Feral goats shape the Caribbean drylands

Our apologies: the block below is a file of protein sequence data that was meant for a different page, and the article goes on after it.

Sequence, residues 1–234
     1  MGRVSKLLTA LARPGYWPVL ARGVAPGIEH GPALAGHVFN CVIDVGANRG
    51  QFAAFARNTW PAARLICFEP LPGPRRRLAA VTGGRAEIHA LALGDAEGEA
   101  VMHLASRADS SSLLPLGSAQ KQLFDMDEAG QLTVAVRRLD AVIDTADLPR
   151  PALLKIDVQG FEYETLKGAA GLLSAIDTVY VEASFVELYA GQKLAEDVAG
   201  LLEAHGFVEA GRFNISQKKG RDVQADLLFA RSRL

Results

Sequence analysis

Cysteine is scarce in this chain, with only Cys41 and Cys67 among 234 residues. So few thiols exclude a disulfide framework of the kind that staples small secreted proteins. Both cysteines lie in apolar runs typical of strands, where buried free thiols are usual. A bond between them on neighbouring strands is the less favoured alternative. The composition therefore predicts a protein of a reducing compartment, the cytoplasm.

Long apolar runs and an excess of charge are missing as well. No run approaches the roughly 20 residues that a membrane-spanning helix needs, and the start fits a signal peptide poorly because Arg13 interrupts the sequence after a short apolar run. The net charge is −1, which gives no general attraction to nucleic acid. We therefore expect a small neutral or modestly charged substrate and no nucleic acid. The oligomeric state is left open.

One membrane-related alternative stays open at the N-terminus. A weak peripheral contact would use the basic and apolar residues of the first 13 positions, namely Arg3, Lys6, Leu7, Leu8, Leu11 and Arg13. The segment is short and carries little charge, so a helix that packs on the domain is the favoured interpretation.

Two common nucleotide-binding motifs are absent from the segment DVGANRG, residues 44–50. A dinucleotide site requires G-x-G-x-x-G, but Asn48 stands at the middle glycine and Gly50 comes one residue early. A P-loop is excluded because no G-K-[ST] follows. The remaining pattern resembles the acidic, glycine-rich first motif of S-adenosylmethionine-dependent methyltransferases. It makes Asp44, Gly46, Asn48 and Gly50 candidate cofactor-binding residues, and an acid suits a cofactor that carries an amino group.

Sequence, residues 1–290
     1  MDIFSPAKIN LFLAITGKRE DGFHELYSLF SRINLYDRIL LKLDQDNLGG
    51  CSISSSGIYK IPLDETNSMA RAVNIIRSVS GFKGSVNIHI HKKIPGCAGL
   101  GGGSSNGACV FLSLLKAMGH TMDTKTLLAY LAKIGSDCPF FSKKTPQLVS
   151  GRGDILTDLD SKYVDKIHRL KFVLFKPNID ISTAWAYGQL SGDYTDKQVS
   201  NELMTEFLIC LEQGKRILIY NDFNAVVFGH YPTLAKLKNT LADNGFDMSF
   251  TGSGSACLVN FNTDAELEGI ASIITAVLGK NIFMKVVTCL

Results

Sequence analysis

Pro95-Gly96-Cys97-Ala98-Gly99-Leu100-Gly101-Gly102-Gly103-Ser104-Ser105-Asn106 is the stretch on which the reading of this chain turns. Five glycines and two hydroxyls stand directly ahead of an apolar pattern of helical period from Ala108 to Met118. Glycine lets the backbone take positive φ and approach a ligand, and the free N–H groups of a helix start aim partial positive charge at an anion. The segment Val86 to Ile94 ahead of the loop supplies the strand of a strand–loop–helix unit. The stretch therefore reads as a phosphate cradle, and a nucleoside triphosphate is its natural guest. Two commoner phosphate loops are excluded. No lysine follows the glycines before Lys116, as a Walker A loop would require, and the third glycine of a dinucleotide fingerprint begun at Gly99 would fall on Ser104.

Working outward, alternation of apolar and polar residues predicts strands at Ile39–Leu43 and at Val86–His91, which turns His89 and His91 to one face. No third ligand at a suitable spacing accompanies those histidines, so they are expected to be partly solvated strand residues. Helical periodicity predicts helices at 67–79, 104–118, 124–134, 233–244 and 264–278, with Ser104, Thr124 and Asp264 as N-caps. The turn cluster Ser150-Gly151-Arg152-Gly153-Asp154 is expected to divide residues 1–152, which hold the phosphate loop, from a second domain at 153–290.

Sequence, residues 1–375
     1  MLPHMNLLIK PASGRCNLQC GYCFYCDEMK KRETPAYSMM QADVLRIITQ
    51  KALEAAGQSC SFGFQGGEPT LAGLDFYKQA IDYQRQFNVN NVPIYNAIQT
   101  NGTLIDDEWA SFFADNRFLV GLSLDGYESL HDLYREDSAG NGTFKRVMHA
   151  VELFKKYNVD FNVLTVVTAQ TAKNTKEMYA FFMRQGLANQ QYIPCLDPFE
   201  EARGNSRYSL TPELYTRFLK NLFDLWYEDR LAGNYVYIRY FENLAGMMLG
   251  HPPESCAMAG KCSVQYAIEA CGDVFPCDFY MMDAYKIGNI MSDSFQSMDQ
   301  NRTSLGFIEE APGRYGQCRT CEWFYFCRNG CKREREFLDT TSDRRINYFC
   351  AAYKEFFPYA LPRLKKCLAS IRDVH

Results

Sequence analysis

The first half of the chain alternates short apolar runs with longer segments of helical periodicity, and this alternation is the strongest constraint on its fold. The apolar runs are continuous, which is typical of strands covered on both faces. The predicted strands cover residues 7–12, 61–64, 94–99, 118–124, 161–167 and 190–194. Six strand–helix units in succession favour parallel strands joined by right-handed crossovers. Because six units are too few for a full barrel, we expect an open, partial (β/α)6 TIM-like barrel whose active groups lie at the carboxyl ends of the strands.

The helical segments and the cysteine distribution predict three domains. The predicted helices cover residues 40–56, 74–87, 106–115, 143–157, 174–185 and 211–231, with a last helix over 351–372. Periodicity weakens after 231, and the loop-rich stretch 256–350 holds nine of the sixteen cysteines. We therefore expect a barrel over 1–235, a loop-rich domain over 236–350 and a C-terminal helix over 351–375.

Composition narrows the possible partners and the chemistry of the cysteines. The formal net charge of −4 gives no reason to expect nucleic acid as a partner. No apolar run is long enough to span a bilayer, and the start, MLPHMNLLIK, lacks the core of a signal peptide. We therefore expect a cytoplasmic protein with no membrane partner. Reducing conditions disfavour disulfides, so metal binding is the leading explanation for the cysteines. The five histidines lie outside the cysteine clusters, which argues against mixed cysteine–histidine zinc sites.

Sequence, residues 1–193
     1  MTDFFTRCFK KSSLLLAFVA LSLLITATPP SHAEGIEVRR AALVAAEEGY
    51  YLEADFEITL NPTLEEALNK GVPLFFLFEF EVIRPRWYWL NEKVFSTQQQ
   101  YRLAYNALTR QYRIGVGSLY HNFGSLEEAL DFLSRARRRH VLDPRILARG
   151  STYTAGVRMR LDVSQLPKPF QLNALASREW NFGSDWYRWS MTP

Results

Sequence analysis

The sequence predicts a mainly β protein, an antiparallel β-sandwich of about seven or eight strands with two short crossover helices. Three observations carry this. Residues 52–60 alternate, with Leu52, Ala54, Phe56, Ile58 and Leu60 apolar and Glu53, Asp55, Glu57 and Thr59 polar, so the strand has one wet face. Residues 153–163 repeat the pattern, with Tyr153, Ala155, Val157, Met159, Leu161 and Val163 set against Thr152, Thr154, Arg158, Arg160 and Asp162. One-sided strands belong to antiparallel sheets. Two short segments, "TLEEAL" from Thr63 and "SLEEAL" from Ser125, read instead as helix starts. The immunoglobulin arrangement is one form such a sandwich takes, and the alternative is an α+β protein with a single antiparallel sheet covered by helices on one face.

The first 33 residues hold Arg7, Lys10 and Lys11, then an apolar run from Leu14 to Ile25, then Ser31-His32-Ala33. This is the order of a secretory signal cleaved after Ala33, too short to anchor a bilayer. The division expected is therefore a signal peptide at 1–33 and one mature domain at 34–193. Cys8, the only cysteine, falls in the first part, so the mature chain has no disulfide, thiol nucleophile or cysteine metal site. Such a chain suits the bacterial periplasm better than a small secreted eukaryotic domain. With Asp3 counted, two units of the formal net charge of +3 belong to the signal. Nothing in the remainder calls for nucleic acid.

Goats were introduced to the Caribbean islands almost five centuries ago resulting in direct and indirect changes in terrestrial and surrounding marine ecosystems. We conducted remote sensing, field surveys and field experiments to quantify the top-down effects of feral goats on the vegetation structure and composition of semiarid Aruba and Bonaire. Goats have shaped the vegetation dramatically. Temporal comparisons of vegetation maps indicate an increasing dominance of thorny shrubs. Long-term (8 year) goat exclosures reveal strong limitation of tree recruitment by goat browsing as no seedlings and saplings of late successional hardwood tree species grow outside the exclosures. Feral goats also browse on the three columnar cacti species limiting the establishment of new individuals and reducing adult fecundity thereby shifting population structure towards the dominance of adult cacti. Positive interactions between cacti and other thorny plant species seem unable to significantly reduce the negative effects of current levels of herbivore pressure. On the other hand, goats seem to facilitate the dispersal of small stem-succulent Opuntia cacti in the understory of current thorny shrublands. Our results suggest that the vegetation of these islands may be shifting from dry forests and columnar cacti towards an increasing dominance of thorny shrublands. These strong top-down effects of a novel herbivore on the terrestrial plant communities may exacerbate water runoff and soil erosion with deleterious impacts to the marine ecosystems.